Head injuries and concussions resulting from contact sports are frequently in the news. Reports show that every year, college athletes sustain more than 12,500 injuries while participating in NCAA-sponsored sports. Studies indicate that in addition to the physical ramifications of such injuries, there can also be negative psychological consequences, such as depression and anxiety.
To truly understand the effect of concussions, however, it is important to have baseline data collected before the injury for comparison. A team of researchers that included Dr. Corrine Peek-Asa and Dr. James C. Torner from the University of Iowa Injury Prevention Research Center, gathered pre-injury information on depression and anxiety from male and female Division I collegiate athletes at two Big Ten Conference universities. The teams included men’s football, wresting, basketball, and baseball, and women’s basketball, softball, soccer, field hockey, and volleyball from the 2007-08 through the 2011-12 seasons.
The researchers, led by Dr. Jingzhen Yang from the Center for Injury Research and Policy of The Research Institute at Nationwide Children’s Hospital, followed participating athletes using the Sports Injury Monitoring System (SIMS), an injury surveillance database. When an injury was reported, athletes completed multiple follow-up surveys until they were cleared to return to play. The investigators analyzed baseline and one-week post injury data for 71 concussions.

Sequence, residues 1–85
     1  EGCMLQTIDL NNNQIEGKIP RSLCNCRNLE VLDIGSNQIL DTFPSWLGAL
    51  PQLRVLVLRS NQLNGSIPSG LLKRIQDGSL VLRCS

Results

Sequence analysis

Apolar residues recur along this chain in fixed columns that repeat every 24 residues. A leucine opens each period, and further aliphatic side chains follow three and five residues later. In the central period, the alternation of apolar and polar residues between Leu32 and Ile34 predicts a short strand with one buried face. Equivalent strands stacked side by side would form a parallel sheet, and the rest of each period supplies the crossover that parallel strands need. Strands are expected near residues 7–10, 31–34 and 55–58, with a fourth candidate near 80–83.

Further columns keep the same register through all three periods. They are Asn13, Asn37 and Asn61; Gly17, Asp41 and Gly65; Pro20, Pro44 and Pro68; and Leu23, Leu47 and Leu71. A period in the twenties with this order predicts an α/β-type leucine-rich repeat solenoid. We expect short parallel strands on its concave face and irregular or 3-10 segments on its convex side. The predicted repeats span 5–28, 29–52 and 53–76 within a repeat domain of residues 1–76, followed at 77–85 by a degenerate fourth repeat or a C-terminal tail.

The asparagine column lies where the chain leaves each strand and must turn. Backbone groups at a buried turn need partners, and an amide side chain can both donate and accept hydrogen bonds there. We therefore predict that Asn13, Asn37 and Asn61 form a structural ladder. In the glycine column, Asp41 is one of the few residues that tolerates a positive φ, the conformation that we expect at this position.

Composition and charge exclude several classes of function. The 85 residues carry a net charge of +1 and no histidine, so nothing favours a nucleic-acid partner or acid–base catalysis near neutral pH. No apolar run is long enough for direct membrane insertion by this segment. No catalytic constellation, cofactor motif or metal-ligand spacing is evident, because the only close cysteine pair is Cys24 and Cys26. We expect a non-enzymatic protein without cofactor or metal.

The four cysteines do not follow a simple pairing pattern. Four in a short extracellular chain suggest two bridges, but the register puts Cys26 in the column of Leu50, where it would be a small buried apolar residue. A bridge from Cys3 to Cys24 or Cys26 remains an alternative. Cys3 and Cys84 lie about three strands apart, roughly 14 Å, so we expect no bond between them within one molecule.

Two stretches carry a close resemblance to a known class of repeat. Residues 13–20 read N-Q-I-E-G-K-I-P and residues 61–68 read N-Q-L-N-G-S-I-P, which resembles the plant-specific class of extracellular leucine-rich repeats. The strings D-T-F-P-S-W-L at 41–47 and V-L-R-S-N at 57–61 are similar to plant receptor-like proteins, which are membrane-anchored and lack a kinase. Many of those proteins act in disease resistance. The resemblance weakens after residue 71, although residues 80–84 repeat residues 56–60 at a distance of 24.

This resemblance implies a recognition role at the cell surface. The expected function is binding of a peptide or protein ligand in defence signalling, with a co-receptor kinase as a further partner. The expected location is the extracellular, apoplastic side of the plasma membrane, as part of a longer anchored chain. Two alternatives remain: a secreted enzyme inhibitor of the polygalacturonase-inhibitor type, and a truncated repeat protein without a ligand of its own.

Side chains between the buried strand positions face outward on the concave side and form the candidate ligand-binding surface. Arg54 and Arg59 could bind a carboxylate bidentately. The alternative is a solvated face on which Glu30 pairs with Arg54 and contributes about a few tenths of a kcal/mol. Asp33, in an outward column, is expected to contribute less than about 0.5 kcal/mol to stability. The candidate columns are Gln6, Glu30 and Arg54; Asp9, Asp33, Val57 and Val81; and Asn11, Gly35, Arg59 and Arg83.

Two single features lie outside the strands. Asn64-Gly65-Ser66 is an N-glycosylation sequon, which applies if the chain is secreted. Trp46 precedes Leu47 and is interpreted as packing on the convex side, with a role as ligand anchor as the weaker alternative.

About three-quarters of the concussions were sustained by male athletes, and over half involved football players. About one-fifth of concussed athletes reported symptoms of depression post-injury, while one-third said they felt anxious. Only about 14 percent reported both. Interestingly, while those reporting some depression symptoms at baseline were more likely to experience both depression and anxiety following the concussion, those who were anxious beforehand were not more likely to be depressed and anxious post-injury.
The researchers concluded experiencing symptoms of depression before an injury was the strongest predictor of post-concussion depression. They maintain their findings are significant in that they reveal “the need and importance for baseline screening to identify athletes who are at high risk for post-concussion psychological symptoms.” Such screening would also help health professionals identify athletes with newly emerging post-injury symptoms. Results of the study were recently published in the journal Development Neuropsychology.
According to Dr. Yang, “In deciding when a player should return to activity following a head injury, it is important to be able to determine which symptoms are associated with psycho-social factors, and which are associated with damage to the brain cells. This type of research begins to help us understand these two sets of symptoms.”
The research was supported by the University of Iowa Injury Prevention Research Center and funded by grant from the Centers for Disease Control and Prevention/National Center for Injury Prevention and Control.